Edmonton

New rules coming for infill in Edmonton's mature neighbourhoods

The city is moving forward with changes it says will improve the way infill and renovations are done in Edmonton's mature neighbourhoods. On Thursday, city planners released proposed changes on everything from setback requirements to getting variances to build a deck.

Proposed changes could encourage more garden and basement suites

New homes built in mature neighbourhoods will be restricted to front yards that are only 20% of the lot depth. (Google Maps)

The city is moving forward with changes it says will improve the way infill and renovations are done in Edmonton's mature neighbourhoods.

On Thursday, city planners released proposed changes on everything from setback requirements to getting variances to build a deck.

The proposed changes to the Mature Neighbourhood Overlay will be presented to the city's urban planning committee next Wednesday. City staff will recommend the changes then go to a public hearing.

Colton Kirsop, senior planner, zoning bylaw in the city's development services branch, said the ideas are a result of one of the most extensive consultations the city has ever done.

"Edmontonians of all ages from all areas of the city shared their feedback," he said, with nearly 8,000 responses to questions about construction in the city's 107 mature neighbourhoods, generally those built before 1973.

"The revisions … create pathways to better infill. They reduce the need for variances, and they streamline the developing permitting process," Kirsop said.

Kirsop said the changes would keep front yards smaller than back yards by limiting them to 20 per cent of the lot depth.
City planner Colton Kirsop demonstrates proposed changes to front yards for new homes in mature neighbourhoods. (Nola Keeler/CBC)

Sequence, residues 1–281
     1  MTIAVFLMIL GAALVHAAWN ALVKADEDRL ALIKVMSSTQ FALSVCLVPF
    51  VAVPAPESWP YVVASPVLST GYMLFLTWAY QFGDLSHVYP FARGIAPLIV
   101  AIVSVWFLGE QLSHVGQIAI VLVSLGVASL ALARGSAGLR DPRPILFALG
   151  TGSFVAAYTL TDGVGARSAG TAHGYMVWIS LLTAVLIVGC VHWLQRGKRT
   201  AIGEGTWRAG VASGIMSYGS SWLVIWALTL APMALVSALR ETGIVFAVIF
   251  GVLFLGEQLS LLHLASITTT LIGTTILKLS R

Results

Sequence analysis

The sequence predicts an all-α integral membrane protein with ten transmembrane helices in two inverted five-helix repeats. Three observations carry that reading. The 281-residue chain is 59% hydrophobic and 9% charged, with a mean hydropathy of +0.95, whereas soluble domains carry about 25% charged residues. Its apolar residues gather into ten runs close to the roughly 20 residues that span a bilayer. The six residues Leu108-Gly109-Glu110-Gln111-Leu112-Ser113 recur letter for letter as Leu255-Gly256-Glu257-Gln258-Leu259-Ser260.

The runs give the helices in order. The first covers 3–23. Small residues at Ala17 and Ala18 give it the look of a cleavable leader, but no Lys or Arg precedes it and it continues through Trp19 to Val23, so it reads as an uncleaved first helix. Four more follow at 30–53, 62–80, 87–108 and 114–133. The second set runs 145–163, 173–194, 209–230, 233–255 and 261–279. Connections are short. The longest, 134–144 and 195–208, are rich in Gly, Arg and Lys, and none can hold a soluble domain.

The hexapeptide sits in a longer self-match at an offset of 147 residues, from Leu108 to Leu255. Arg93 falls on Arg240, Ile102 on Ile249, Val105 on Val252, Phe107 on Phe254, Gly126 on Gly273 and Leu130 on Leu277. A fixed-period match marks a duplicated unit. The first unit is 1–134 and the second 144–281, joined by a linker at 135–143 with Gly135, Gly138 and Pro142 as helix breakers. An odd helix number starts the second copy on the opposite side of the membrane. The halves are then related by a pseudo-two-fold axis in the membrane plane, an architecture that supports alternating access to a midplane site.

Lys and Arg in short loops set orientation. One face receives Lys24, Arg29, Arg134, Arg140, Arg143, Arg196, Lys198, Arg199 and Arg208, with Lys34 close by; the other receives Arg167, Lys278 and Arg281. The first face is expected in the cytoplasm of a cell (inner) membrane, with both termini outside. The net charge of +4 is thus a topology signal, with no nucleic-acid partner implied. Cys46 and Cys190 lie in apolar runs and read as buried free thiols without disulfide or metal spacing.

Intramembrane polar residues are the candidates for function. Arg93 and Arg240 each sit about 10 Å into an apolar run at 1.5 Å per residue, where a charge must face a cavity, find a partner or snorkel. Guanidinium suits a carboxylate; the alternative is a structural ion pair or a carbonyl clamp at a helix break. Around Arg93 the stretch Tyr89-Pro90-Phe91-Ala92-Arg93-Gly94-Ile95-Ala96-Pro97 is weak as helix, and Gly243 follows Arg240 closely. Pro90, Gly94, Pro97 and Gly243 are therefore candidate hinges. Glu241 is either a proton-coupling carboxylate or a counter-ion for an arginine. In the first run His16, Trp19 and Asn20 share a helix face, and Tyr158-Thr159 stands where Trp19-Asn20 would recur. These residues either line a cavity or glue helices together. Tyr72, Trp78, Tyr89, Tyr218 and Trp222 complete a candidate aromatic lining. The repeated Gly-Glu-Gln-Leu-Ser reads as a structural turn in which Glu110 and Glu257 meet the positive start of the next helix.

He said that would provide more affordable housing, by making it easier to have garden and basement suites.

"We're proposing to allow a little more height in basement suites," he said, raising the height out of the ground from four feet to five feet.

"This will allow more light into the windows."

The bigger back yard would also provide more room for a garden suite.

No more boring facades

The proposed new regulations would also put an end to flat, unvaried fronts on semi-detached housing, such as duplexes and triplexes.

Instead, the front facades of attached homes would have to be staggered, to clearly define the different units.

Row houses would also require either staggered front walls or unenclosed front porches.

Kirsop said the proposed new regulations will encourage higher quality design for infill and a "better looking product."

New rules for renovations, too

For homeowners in mature neighbourhoods wanting to do some renovations that require a variance or exception to the zoning bylaw, the new rules will make that easier, he said.

The city plans to take a different, tiered approach to those variances, based on how much impact the renovation would have on neighbours.

"We'd like to consult with immediate neighbours on matters that are less impactful, such as a balcony or a sundeck," he said. "Middle tier would involve neighbours side to side, as well as across the back alley … for variances on placement of the garage."

The current practice of checking with all neighbours within 60 metres would remain in place for big variances, like building a house that sits further back on the lot than the allowed setback.

ABOUT THE AUTHOR

Nola Keeler is an award-winning journalist who has worked with CBC in Whitehorse, Yukon and Edmonton since 2000. She has worked as a host, reporter, news reader and producer for CBC. Send story ideas to nola.keeler@cbc.ca.

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